• 3-4 large tomatoes

  • 1 small canned tuna (either in oil, with brine or with mayonnaise)

  • 2 tablespoons of olive oil (if canned tuna is in brine is used)

  • 2 kiwi fruits de-skinned and cut into small cubes.

  • Pinches of salt

  • Some shredded cheddar cheeses

Optional and substitutable

  • Pinches of black pepper

  • Some chopped coriander leaves or basil or Italian herbs preferred

  • 2 boiled eggs – cut into small pieces

  • Some pine nuts (not in picture)

  • Some cherry tomatoes (not in picture)

  • Some Chinese lettuces

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STEPS OF PREPARATION

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  • Cut the tomatoes into half. Use a spoon to take away the centre. Chop the centre into small pieces. You can either keep the seeds or throw away the seeds depending on how moist is your overall salad. However, it is advisable to throw away the seeds and juices but keep the centre. This illustration included the seeds and hence the salad was a bit moist.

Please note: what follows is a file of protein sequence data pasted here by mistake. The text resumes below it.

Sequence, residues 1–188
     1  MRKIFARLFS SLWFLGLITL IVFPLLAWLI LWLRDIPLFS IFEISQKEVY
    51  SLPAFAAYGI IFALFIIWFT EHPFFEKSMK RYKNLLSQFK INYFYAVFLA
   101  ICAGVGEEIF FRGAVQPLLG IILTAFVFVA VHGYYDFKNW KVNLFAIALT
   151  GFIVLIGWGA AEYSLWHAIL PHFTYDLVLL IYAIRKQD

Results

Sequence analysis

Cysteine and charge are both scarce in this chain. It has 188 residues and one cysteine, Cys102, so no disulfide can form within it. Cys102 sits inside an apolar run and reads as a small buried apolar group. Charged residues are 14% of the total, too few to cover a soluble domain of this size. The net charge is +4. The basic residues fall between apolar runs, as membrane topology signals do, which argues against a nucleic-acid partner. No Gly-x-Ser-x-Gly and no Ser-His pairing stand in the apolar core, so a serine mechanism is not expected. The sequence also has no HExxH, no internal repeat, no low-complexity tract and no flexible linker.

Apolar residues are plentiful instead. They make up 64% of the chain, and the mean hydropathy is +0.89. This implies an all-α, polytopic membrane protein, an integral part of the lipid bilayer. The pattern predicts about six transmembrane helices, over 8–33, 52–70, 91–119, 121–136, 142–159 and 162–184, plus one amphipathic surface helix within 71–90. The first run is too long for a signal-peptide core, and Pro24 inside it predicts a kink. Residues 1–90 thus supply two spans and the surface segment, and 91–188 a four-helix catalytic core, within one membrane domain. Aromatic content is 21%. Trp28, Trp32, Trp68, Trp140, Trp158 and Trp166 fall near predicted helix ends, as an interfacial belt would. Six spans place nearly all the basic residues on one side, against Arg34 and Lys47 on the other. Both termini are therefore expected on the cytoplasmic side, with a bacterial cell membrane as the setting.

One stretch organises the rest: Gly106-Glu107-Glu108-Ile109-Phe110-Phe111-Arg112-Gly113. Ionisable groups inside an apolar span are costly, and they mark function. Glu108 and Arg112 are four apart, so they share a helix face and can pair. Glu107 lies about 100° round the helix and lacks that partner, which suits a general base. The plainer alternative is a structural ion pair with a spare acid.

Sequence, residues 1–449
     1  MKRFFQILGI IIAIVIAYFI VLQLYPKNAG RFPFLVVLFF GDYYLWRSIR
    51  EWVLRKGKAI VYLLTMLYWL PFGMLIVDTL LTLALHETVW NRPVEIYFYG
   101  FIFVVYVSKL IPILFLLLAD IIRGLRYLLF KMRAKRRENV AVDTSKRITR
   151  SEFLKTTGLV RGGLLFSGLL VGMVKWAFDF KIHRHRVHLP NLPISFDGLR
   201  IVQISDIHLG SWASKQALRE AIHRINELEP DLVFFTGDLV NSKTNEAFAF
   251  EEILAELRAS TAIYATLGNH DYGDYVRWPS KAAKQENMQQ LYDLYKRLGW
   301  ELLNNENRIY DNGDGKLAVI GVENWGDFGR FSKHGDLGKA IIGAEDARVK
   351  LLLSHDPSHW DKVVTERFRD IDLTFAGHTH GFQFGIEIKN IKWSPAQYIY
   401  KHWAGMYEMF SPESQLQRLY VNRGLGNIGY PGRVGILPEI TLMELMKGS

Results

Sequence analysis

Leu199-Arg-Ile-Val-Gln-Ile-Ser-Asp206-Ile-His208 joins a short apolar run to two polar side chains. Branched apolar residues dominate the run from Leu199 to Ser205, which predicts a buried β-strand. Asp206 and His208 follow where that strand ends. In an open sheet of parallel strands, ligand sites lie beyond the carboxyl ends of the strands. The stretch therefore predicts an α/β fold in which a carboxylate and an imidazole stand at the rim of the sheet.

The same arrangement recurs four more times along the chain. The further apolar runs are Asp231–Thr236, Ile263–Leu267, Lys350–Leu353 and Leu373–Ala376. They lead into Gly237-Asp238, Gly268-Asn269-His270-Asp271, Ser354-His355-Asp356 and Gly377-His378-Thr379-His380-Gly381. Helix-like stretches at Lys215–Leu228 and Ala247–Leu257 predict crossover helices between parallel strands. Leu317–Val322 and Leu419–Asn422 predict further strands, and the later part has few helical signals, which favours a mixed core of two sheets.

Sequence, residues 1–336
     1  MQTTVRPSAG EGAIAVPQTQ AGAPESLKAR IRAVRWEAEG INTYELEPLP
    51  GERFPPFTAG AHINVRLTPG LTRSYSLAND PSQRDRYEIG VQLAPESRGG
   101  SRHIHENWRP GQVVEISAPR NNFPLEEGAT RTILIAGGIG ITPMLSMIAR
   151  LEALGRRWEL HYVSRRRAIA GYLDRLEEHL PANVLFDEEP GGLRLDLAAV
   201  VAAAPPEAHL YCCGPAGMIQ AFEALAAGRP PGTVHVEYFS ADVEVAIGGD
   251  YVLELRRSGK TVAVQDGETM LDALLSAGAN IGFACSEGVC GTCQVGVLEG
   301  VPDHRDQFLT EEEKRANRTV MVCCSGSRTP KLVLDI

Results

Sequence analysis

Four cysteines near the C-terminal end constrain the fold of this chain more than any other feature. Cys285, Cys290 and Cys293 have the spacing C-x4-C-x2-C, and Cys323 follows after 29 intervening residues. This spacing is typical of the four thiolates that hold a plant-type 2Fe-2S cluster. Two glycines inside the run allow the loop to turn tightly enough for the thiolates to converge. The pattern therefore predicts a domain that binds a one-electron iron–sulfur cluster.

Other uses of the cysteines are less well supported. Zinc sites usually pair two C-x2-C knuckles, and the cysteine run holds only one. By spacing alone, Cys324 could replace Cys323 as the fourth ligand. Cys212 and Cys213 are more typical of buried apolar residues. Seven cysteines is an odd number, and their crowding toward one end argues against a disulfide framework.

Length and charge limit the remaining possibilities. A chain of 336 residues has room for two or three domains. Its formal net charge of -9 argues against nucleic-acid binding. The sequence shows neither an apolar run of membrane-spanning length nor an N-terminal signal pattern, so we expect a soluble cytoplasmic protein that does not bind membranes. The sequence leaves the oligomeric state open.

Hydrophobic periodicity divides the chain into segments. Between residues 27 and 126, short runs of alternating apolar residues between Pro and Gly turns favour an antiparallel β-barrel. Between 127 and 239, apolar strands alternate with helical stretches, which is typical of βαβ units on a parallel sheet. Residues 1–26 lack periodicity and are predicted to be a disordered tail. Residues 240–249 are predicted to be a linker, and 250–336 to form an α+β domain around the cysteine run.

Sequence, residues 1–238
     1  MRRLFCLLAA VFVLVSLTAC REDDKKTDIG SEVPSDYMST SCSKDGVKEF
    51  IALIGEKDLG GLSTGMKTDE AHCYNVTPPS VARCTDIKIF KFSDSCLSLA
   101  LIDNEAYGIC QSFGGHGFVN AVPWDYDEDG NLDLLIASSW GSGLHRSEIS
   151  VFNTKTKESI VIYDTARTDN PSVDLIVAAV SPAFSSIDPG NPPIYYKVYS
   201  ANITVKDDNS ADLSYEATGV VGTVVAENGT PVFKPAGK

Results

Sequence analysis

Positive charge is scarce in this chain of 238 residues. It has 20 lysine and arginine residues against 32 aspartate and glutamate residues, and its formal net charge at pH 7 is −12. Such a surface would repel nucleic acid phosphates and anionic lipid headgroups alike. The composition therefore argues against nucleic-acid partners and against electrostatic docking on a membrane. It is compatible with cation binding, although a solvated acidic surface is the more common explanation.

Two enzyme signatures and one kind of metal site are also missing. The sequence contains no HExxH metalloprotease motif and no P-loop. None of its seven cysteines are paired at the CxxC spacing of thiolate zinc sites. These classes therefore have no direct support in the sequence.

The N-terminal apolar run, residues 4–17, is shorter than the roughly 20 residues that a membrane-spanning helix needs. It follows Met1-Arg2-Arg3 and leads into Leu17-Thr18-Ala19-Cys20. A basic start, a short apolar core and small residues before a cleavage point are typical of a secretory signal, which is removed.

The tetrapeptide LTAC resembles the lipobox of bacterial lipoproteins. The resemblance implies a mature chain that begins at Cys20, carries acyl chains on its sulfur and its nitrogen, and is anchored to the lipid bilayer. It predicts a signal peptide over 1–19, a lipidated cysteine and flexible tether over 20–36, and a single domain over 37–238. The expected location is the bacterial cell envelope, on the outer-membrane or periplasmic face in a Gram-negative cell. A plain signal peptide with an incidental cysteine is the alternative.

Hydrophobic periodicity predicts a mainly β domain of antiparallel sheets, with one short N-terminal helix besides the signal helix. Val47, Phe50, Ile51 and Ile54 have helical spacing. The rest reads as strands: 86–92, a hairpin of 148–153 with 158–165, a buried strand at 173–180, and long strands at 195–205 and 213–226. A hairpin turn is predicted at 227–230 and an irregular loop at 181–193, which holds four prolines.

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  • Cut the kiwi, boiled eggs, tomatoes and tuna into small pieces or chunks.

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  • Put all in a big mixing bowl. Add either chopped coriander leaves or dry Italian herbs, black pepper, pinches of salt and shredded cheddar cheeses. Stir until well mixed. Note: You have to be careful about the addition of pinches of salt.

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If your tuna is soaked in brine when you purchased it, there is no need to add salt but you may need to add in olive oil. If your tuna is soaked in oil when you purchased it, there is no need to add olive oil but you have to add it pinches of salt. If you prefer, you can add in some lemon juices.

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  • Scoop out the salad in the tomato cups or fresh lettuce leaves. Dust with additional cheeses or black pepper if desired.

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CONCLUSION